Do I need a degree to become a teacher?  

To become a teacher in England you must have a degree. If you're looking to teach in primary schools then applying for a Bachelors of Education (BEd) degree is the way to go. If teaching in a secondary school is the route you're looking to take then it's recommended to get your degree in the subject that you'd like to specialise in. 

As well as your degree you will also need to complete Initial Teacher Training (ITT) which is where you'll go into schools to carry out all of the normal teacher duties. Your ITT will usually consist of three different placements in three different schools, each usually lasting between 6-8 weeks. This is where you'll get a real insight into school life and everything that comes with being a fully qualified teacher. Once you have completed your ITT and met the required standards you will gain your QTS (Qualified Teacher Status) and become a ECT (Early Career Teacher). 

What salaries do UK teachers get paid? 

The salary will vary across different parts of the UK, including London salaries which are generally slightly higher than average. Remember that salaries will also vary when it comes to the different teaching positions available in schools. As an Early Career Teacher in England or Wales you can expect a salary starting from £25,714 and £32,157 depending on location.  

What skills will I need to be a good teacher? 

As mentioned at the start of this blog post - teaching is a big responsibility and commitment! A variety of skills are required to be able to take on the role of a teacher successfully. Here's just a few to think about...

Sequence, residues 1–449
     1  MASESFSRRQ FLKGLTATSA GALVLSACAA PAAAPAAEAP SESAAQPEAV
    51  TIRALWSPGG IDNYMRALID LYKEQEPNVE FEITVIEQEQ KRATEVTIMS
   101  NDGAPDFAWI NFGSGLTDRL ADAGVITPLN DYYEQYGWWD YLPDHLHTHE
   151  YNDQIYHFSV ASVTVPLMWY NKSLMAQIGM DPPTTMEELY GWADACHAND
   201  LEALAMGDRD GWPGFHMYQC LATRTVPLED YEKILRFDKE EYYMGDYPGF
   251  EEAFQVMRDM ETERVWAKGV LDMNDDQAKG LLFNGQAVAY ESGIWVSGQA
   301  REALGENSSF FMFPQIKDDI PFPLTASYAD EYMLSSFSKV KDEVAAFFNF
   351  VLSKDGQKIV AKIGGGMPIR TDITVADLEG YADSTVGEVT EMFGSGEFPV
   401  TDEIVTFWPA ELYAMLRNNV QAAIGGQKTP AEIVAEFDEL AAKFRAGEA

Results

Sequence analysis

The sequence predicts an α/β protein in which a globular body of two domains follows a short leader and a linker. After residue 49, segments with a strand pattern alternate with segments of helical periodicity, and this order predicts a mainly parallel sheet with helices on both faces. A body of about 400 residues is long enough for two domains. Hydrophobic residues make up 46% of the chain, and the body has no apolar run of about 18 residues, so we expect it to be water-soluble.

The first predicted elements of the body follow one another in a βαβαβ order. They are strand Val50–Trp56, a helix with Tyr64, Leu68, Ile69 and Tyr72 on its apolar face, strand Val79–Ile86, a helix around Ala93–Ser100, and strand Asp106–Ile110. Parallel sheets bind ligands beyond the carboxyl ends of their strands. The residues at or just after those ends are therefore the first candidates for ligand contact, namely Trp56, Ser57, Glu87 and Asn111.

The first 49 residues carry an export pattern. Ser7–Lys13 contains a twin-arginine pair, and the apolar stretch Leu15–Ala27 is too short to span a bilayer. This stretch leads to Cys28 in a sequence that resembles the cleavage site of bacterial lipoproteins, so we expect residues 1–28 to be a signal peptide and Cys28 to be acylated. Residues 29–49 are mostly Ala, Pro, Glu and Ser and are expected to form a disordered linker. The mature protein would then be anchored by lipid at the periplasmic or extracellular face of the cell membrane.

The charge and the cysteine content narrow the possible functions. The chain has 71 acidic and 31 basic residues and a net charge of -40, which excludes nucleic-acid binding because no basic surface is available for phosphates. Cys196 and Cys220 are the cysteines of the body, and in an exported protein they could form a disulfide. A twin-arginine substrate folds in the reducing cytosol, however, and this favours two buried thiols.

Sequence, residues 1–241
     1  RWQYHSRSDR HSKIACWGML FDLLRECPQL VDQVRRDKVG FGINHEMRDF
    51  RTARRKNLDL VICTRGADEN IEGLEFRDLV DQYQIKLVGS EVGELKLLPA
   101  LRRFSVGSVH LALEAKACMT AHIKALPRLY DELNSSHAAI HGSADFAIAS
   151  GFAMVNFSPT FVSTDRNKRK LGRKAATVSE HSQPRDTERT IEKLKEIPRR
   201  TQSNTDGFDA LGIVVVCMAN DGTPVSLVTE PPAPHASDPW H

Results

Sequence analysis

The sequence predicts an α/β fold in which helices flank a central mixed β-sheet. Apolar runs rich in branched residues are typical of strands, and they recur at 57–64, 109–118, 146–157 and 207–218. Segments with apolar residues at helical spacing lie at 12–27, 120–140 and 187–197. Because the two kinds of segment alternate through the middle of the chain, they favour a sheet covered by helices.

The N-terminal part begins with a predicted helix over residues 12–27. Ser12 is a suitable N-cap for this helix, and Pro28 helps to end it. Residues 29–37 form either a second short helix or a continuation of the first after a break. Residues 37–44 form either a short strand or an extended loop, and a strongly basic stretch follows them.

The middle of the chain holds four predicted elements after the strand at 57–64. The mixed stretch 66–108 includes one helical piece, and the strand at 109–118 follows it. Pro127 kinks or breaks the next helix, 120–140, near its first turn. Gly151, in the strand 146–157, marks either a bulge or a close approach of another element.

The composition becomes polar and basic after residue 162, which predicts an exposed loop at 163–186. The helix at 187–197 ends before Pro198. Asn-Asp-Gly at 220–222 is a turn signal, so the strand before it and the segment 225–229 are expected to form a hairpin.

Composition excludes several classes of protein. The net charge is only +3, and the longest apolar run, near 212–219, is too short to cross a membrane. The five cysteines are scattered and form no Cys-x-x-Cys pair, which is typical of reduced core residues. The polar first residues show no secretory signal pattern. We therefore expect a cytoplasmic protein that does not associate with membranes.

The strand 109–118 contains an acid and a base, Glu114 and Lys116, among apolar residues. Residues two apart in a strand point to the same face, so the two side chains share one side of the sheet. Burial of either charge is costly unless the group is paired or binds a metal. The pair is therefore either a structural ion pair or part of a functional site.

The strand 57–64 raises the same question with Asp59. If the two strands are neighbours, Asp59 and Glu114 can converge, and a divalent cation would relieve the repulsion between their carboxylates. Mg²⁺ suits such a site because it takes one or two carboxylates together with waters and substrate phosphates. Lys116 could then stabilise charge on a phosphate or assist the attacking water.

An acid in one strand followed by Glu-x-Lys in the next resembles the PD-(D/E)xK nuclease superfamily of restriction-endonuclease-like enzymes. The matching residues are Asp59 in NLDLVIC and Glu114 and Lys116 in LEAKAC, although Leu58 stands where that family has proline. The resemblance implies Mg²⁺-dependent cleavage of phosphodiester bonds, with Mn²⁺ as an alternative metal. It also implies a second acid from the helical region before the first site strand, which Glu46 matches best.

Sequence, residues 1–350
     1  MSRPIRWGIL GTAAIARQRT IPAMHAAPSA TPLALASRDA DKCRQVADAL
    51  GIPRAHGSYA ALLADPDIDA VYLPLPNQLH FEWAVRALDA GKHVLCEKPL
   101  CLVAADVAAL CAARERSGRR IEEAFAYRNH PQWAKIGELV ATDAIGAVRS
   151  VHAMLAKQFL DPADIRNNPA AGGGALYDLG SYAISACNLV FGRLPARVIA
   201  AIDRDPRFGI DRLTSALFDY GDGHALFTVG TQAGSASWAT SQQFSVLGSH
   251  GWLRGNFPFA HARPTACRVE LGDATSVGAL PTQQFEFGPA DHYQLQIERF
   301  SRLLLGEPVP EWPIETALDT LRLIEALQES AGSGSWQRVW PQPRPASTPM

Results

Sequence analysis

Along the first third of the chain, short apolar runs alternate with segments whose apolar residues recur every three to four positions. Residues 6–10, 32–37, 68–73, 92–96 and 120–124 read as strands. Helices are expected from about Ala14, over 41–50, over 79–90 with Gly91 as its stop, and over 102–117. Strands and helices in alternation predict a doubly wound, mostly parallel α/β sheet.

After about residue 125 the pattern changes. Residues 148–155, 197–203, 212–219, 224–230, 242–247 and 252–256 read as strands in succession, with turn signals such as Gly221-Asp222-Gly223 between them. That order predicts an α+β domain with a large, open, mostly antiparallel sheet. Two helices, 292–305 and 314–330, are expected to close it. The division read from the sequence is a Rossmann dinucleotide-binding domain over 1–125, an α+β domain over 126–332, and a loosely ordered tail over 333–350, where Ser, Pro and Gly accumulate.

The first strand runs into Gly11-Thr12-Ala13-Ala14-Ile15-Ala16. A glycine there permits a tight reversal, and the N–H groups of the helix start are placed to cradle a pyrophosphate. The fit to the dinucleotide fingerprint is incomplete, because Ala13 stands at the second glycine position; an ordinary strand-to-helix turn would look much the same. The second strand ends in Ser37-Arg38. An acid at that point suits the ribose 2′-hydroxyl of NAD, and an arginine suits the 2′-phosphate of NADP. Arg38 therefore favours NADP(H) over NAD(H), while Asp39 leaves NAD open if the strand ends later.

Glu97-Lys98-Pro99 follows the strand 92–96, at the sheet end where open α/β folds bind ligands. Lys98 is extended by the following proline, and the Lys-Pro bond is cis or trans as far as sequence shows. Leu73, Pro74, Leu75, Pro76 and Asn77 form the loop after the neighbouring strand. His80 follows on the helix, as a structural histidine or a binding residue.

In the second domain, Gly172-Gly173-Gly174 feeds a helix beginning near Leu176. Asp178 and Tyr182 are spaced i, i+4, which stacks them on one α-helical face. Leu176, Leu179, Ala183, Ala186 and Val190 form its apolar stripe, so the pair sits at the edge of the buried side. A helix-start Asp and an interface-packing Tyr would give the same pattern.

Organisational skills - lesson planning, marking work, student records and managing a busy schedule are all parts of the job. As a primary school teacher you'll be teaching all subjects to your pupils whereas if you're a secondary school teacher you'll be teaching one subject to all different ages and levels. 

Communication skills - this one goes without saying, you need to be effective at communicating as a teacher. Remember you'll be standing up in front of a class of up to 30 students. 

Passion - you need to be passionate about the subjects you're teaching. If you don't show that you're interested in the topics that you're covering then it will be unlikely that your students will be either.  

Is there career progression for teachers? 

There is a clear career progression for teachers from becoming Head of Department or Head of Year all the way up to Head Teacher. Not only is there the more traditional teaching career path you can also explore other avenues such as supply teaching, private tutoring or special needs education. 

What perks are there for becoming a teacher?

One of the main perks to being a teacher is that it's an extremely rewarding job. You will have the power to inspire your pupils and share a subject that you're truly passionate about. Job security is also a popular perk as teachers will always be needed. If you fancied a career change further down the line then teaching has a whole host of transferable skills that can be used in other careers.